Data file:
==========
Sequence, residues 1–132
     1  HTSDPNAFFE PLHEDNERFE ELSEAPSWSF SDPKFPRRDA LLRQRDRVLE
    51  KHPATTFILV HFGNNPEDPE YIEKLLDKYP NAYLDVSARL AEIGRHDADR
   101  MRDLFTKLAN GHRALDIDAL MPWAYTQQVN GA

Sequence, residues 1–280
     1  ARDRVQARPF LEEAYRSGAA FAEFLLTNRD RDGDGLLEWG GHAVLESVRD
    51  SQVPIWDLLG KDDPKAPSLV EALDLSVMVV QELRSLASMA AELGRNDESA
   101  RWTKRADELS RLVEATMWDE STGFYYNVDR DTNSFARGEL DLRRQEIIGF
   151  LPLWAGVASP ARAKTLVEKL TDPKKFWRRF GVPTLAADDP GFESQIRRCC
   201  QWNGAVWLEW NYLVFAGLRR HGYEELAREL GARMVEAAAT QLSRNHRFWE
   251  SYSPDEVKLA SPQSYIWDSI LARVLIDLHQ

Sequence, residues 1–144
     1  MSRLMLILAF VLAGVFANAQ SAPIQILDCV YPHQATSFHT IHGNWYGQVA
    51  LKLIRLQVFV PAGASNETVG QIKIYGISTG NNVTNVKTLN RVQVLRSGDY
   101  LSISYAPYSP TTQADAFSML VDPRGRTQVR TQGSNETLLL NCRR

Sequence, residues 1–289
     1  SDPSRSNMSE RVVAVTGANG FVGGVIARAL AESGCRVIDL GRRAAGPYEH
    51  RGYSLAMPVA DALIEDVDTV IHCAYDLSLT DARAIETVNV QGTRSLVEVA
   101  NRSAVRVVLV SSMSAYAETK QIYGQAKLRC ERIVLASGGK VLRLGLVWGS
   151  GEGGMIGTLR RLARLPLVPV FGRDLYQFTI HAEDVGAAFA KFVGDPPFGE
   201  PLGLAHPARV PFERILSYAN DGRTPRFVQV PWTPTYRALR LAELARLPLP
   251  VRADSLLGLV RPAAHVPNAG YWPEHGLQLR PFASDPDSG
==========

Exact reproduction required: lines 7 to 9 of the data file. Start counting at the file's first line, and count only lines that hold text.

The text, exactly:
    51  SQVPIWDLLG KDDPKAPSLV EALDLSVMVV QELRSLASMA AELGRNDESA
   101  RWTKRADELS RLVEATMWDE STGFYYNVDR DTNSFARGEL DLRRQEIIGF
   151  LPLWAGVASP ARAKTLVEKL TDPKKFWRRF GVPTLAADDP GFESQIRRCC